Gabrielle Union has never been one to shy away from the spotlight. The author, activist and Love and Basketball star has enjoyed a successful career in Hollywood since the early 1990s and continues to make headlines as an advocate, including on behalf of those who have survived assault, as well as many others.
Union, 45, recently spoke out about another matter - this time, one that is close to her heart. Last year, she released a collection of essays titled We're Going To Need More Wine: Stories That Are Funny, Complicated And True in which she opened up about her struggles with infertility. In her book, she revealed that she has had "8 or 9 miscarriages", and that for the last several years, her body has been "a prisoner of trying to get pregnant — [and she has] either been about to go into an IVF cycle, in the middle of an IVF cycle, or coming out of an IVF cycle."
Union is married to NBA all-star Dwyane Wade, 36, who has three children from previous relationships. It wasn't until she became a stepmom, she admitted, that she realized she wanted children of her own.
"I never wanted kids," she said. "Then I became a stepmom, and there was no place I’d rather be than with them."
Recently, Union revealed that there is a specific medical reason behind her struggles to conceive. She suffers from a condition called adenomyosis, a rare form of endometriosis where the tissue that normally lines the uterus (endometrial tissue) grows into the muscular wall of the uterus. Symptoms include heavy bleeding, severe cramping and pelvic pain, and is associated with low fertility rates and higher rates of miscarriage. Typically, adenomyosis affects women in their 40s and 50s, but new research suggests that like in Union's case - who was diagnosed in her 20s - it might also be common in younger women.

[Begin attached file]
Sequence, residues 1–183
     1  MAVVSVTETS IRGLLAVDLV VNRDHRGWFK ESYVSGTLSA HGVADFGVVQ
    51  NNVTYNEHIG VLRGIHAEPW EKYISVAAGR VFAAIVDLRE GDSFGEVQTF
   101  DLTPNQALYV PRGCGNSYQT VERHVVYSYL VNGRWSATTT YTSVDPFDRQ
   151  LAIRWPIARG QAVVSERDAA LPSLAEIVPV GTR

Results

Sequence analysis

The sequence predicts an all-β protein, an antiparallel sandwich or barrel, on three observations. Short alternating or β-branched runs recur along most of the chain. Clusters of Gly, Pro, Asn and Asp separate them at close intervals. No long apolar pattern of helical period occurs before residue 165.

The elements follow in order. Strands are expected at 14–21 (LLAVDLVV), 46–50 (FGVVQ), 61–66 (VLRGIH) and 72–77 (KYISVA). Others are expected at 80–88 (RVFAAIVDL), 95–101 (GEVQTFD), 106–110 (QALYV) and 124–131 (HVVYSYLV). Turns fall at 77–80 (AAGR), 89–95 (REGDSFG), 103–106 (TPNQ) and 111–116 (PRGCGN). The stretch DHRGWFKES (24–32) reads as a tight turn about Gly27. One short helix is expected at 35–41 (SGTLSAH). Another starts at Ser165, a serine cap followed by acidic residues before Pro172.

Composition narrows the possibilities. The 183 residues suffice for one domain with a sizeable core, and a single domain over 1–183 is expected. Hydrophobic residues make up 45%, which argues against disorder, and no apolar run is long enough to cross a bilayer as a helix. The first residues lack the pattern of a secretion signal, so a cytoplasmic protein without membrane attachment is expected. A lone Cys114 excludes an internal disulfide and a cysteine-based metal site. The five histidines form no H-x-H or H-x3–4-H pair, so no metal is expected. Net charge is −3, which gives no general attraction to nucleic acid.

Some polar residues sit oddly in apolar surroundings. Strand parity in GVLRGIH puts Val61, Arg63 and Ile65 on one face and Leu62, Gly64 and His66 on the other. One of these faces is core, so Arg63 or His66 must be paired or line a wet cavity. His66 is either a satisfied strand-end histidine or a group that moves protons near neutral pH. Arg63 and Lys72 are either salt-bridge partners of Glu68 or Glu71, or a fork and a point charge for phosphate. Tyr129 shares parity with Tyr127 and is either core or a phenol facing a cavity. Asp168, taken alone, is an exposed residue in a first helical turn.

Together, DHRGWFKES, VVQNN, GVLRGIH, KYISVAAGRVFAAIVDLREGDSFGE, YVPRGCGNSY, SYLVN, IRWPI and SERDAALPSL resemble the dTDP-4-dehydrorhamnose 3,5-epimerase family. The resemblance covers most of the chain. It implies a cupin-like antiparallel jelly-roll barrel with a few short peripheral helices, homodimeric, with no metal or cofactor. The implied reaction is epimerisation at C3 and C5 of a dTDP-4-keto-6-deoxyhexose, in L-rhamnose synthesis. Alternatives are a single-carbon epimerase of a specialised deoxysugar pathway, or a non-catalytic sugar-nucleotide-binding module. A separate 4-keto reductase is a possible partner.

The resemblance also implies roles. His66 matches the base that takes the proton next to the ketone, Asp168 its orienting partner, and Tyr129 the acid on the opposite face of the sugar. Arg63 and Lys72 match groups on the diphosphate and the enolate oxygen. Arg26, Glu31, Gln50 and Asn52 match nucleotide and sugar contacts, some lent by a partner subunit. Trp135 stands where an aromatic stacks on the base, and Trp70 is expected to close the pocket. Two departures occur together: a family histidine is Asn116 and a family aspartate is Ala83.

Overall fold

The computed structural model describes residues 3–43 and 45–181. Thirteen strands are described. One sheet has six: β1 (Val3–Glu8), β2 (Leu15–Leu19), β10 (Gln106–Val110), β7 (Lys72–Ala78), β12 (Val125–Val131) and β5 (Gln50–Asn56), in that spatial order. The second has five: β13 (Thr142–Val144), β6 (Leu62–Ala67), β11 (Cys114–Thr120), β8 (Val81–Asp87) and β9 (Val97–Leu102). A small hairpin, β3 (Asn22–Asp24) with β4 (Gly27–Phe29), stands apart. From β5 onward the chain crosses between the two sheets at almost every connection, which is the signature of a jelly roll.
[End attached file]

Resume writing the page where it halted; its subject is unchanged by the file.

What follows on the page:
Union, and several other stars like Girls creator Lena Dunham, are opening up the topic of fertility and women's issues as of late and creating awareness by speaking publicly about their often private pain. Dunham made headlines earlier this year when she spoke about her difficult battle with endometriosis and the hysterectomy she ended up having as a result of complications from the disorder.
As for Union, she hopes that by sharing some of the more intimate details of her own personal struggles, she can help other women with similar conditions who may be suffering in silence.
"There’s definitely a lot of people suffering in silence and isolation," she said. "Hearing my truth has been helpful."